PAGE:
Disney’s newest princess focused animated film, Frozen has swept the nation in a Broadway-worthy, snow-filled winter wonderland, instant classic fashion. It has also set off a lot of a lot of discussion of feminism and started a conversation about how Disney princesses influence thousands of young girls every year.


The movie is frequently being cited as a positive message for women in multiple ways, the most important ones being that the first love interest ‘prince’ turns out to be evil, there are two strong female leads, and the act of true love ends up being between the two princess sisters rather than a romantic male and female.

Personally, as an adamant Disney fan throughout my life, I really enjoyed the movie. The characters were well-developed, quirky, and fresh, and the music was truly spectacular. However, Frozen is not entirely the feminist success story that it is being hailed as. First of all, I think it’s important to note that Anna, whom I consider the main princess of the movie, does end up with a man and the elusive “true love” always depicted in these animated films. It is not as if Anna and her sister Elsa realize they don’t need any men to live happily ever after, and they ride off in the distance with just the two of them, empowered by their femininity.

The second major fault I find in the movie is the traditional faulty body image that is portrayed. Both Anna and Elsa exhibit statuesque, doll-like figures that only further contribute to society’s unhealthy ideal of what every woman should look like. One exchange between Anna and Elsa that clearly portrays this is when Elsa tells Anna, “you look beautiful” and Anna responds “you look beautifuller, I mean, not fuller. You don’t look fuller, but more beautiful.” They both easily laugh this off, along with the audience of the film. Hah! Anna, don’t accidentally insult the gorgeous Elsa by implying she has taken on a fuller form than the Barbie doll prototype set for you both. Silly Anna, good job correcting yourself while simultaneously implying that looking ‘fuller’ and being beautiful are two mutually exclusive characteristics…Yeah, not exactly what I’d call a great message for young females across the world.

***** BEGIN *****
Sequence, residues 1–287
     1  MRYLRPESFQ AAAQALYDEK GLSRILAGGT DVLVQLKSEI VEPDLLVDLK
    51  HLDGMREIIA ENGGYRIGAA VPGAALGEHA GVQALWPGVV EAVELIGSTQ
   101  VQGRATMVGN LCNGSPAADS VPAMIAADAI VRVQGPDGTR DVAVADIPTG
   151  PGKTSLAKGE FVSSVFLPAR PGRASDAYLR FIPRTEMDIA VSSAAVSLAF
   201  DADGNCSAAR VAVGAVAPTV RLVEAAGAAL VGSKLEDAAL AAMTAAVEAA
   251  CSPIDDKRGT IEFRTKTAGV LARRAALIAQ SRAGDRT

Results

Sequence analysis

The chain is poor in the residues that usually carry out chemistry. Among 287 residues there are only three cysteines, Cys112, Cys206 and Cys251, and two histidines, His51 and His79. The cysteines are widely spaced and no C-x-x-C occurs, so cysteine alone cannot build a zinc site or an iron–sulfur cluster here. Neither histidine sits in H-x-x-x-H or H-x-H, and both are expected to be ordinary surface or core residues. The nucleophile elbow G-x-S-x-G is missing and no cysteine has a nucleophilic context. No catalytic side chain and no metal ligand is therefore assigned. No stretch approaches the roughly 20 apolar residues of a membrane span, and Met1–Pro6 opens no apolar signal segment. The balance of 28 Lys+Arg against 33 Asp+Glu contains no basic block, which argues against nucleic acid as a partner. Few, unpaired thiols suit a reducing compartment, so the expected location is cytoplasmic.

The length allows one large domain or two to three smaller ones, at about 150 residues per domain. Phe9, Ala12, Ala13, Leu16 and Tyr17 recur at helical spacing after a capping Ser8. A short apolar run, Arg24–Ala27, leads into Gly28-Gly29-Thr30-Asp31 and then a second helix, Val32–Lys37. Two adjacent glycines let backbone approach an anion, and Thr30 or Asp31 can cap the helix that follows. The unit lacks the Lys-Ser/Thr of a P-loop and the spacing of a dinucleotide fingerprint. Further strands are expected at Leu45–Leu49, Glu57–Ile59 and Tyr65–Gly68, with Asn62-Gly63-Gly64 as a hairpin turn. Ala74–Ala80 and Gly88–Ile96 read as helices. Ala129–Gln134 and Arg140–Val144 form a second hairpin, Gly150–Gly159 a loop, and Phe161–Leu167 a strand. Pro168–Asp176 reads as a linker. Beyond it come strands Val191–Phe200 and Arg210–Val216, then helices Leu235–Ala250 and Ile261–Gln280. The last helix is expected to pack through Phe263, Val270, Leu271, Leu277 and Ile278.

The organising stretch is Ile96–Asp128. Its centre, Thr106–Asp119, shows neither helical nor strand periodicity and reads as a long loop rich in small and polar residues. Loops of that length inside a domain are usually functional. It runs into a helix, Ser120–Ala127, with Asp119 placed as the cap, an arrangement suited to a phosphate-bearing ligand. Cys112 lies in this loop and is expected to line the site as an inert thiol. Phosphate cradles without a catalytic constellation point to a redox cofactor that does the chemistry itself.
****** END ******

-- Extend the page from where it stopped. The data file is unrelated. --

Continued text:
As far as intersectionality goes, every main character in the movie is once again straight, white, thin, and physically abled. Much debate has come over the appropriation of Saami culture in Frozen. The Saami people, an indigenous and traditionally marginalized group in Norway, are what the characters are based off of. The initial upset at Disney’s announcement of a movie with yet another white cast was met with the flawed logic: “Well, there weren’t people of color in Norway back then.” First of all, there were probably people of color in Norway and the rest of Europe as far back as medieval times. And what’s more, a talking snowman and a princess with magical powers are historically accurate enough, but Disney couldn’t bend the rules a little to make an effort at representation for their modern, diverse audience? Please.

While Frozen does take a few solid steps forward in the way of Disney princess films, there is still much room for improvement before we can consider it a truly enlightened genre.

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What did you think of Frozen? Let us know!

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One thought on “Frozen

  1. You raised some really great points about the movie! I too heralded it as a great feminist piece, but the beati-“fuller” comment really got me thinking. I laughed it off in theaters, but you guys raised a great point about subtle, little comments like it. Those asides are part of the detriment to young girl’s body image. I hope Disney can take a step in the right direction and represent character’s with more healthy body proportions.

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